Okay, and seriously, if you call one more bad guy "the director" then, you know what, James Patterson? I'm gonna hit you over the head with a thesaurus. I'm beginning to feel like he doesn't actually read his own writing once he's finished. Not only are there three bad guys called the director (oh, sorry, one is the Uber-Director), but in one book one person was indicated to be "The Director," and the next book it's someone else. He repeats *a lot* of the same kinds of things, has inconsistent chronology (exactly how long does it take to fly somewhere? Huh? Seems to vary by book), never mentioned Nudge was black in the first book (at least not that I could find, I'm thinking he didn't decide that till book two…), and leaves me wondering how even a windbreaker can cover up their wings enough that they don't look like hunchbacks. And, yeah, the wings thing. I really want to see the movie/manga, because I cannot picture how it's supposed to work. Their wing tips should at least fall over their butt. Fourteen feet of actual bone, feather, and muscle only becomes so compact. And they mention cutting slits in jackets, but what about their shirts? And it doesn't seem like they would be able to just snap their wings out of those slits as easily as they always do. Especially while wearing backpacks and such. But okay, enough over-thinking these books. I think the more the author lectures to me about science and real world stuff, the more I question how unlikely his books are to be able to happen in the real world.
Something else I thought of a few days after finishing the book--okay, biggest hurricane in recorded history happens. That's really, really bad, right? Yet, that hurricane is the only reason Max and the flock get away from the Uber-Director. Huh. Global warming bad. But without it, Max and the flock were in big trouble. Bit of a problem with your message there, huh, Patterson? Once again, I don't think he's rereading what he writes.

More at Bookwyrm Chrysalis
8 reviews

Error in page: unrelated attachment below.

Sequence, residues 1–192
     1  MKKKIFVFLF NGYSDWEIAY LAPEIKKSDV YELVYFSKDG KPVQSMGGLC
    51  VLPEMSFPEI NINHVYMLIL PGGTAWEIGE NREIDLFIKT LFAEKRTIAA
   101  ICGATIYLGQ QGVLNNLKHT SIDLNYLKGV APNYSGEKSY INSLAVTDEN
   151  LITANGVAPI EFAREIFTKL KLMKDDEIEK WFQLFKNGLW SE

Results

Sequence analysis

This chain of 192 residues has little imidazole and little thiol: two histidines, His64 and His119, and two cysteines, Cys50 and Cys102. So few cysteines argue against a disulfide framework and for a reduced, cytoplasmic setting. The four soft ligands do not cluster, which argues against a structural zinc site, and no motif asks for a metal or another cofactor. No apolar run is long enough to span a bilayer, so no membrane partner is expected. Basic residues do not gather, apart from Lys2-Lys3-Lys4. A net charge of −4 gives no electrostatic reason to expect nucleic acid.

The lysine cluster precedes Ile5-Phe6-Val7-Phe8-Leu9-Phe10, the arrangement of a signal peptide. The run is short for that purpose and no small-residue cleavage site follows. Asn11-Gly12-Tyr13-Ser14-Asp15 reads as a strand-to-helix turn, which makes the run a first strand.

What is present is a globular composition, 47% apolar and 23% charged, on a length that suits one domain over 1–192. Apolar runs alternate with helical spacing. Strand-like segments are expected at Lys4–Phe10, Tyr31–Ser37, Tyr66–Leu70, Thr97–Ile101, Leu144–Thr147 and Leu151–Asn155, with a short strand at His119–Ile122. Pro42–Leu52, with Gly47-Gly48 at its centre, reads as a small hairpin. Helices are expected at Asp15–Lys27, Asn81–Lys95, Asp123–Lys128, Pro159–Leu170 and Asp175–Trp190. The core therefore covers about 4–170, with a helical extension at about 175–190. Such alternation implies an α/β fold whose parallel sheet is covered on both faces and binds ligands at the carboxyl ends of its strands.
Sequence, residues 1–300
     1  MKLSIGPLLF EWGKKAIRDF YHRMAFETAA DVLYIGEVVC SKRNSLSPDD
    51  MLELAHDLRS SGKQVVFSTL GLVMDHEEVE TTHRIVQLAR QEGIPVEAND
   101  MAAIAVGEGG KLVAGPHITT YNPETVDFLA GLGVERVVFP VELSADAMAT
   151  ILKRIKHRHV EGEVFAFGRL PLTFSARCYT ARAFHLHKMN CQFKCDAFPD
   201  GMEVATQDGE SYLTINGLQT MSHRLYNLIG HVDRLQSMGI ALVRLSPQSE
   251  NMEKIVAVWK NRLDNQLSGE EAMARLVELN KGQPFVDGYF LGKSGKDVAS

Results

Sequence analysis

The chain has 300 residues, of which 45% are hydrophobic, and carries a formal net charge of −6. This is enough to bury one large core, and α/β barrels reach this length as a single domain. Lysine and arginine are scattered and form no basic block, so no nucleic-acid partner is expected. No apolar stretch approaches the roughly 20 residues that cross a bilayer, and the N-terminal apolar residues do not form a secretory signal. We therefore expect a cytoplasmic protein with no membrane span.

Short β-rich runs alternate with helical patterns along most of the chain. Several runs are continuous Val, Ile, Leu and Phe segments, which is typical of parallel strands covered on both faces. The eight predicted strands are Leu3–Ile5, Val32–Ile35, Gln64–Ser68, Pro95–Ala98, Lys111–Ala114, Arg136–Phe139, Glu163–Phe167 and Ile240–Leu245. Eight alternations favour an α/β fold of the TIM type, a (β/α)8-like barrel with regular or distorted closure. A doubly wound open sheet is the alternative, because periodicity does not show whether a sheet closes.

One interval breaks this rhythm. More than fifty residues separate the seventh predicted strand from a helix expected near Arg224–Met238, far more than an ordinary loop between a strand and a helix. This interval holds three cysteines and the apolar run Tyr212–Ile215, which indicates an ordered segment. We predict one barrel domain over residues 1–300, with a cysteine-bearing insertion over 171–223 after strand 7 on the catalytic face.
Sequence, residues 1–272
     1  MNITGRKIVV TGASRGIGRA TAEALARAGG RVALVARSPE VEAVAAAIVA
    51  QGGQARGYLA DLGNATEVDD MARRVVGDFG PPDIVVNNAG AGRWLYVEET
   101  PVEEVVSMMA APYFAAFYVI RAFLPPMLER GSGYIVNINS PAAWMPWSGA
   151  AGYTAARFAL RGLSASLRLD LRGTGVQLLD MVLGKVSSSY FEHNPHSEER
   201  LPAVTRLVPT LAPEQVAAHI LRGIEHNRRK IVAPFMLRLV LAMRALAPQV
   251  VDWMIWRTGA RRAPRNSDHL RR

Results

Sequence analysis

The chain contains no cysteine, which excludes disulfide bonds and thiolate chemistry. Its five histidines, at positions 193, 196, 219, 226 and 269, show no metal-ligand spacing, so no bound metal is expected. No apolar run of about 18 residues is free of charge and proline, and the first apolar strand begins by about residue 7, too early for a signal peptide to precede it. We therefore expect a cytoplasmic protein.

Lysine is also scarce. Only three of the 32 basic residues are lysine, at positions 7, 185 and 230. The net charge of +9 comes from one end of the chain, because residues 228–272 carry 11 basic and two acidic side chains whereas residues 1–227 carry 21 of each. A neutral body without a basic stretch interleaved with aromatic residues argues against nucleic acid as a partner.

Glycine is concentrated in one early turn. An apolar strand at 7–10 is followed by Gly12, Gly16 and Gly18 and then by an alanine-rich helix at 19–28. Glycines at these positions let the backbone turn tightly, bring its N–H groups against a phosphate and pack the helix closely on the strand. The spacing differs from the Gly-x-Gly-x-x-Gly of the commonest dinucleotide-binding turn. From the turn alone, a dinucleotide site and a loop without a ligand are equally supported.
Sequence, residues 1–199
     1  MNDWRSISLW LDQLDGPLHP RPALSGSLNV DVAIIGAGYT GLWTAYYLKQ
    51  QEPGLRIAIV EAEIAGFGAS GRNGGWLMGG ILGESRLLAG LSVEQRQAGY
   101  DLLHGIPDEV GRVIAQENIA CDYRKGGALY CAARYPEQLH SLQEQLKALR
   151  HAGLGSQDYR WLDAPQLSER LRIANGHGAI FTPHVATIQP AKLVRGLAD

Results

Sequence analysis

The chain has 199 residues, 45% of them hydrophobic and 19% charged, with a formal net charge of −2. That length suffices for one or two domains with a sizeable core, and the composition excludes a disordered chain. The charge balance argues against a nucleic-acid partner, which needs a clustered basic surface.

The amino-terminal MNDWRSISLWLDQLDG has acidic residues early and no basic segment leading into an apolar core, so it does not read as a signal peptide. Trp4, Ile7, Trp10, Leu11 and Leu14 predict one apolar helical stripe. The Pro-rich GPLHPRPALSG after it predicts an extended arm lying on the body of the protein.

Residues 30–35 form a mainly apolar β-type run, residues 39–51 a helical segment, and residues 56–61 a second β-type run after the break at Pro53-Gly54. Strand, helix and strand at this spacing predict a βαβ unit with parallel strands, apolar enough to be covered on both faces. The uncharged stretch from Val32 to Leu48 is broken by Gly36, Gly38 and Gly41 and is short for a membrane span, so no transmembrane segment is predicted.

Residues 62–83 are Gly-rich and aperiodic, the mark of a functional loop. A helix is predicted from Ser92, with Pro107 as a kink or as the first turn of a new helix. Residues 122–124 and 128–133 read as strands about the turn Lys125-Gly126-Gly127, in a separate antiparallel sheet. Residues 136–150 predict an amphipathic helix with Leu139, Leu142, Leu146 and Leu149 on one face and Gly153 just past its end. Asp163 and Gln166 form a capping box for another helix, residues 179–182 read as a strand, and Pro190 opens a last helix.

March 20, 2008
Ok, the humor was still there. The book was funny. Thin. But funny.

I completely felt the ending was horrible. It was a disappointment. It was like Patterson was attempting to write the book, but wasn't done yet, and had forgotten to put in most of the excitement. I was also angry at the sorely lacking Max/Fang scenes. Sure we had a kiss and a mention every other chapter, but there was nothing sturdy. Even the ending, it ends with them going off on another mission. No closure. Mr. James Patterson, if this really is the ending of the series, I'm disappointed. If there's more...well, I'm still disappointed, but a lot less. Sure I laughed, but there wasn't really any action or adventure I was hoping for. It seemed more like a cry to save the earth, which the other books had some undertones of, but none of which were so strong as in here. I just...didn't like it. *shakes head* I mean, the writing was fine, but it was pretty anticlimatic.

Anyways, yeah, this is exactly how I felt after reading Eclipse by Stephenie Meyer too. Too many writers are being rushed to finish the books so the readers won't have to keep waiting, and then we're disappointed. *shrugs*

I want more books! I want more Fang/Max! I want more action and adventure!
Profile Image for luhvBOOKS.
297 reviews
August 25, 2012
Title: The Final Warning

Author: James Patterson

Series: Maximum Ride #4

Rating: ★★

Summary: First she was watched. In this breathtaking new story from the astonishing imagination of James Patterson, a girl has to save herself from an army assembled just to capture her - and maybe save the planet while she's at it. Then she was threatened.

Review: Wow, this book sucked. I am being an angel by giving this book two stars. It is just so... Ugh! What a stupid plot! Global warming, are your kidding me? And the writing? The book was way smaller. This is one of those books in a series that's just there. And I hate that so freaking much!

Things I Loved: I don't know what I loved. Maybe that Fang is back? It's hard to say.

Things I Hated: It didn't seem like the James Patterson writing style that I know from previously. The humor was totally off, and the writing was too crammed, and the plot was just so out there. I read some other reviews and they are all saying that he didn't even write it. That's crap, James! How can you even put your name on this? I certainly wouldn't want to. It's so disgusting. I hate it! Hate it, hate it, hate it!
16 reviews
August 21, 2008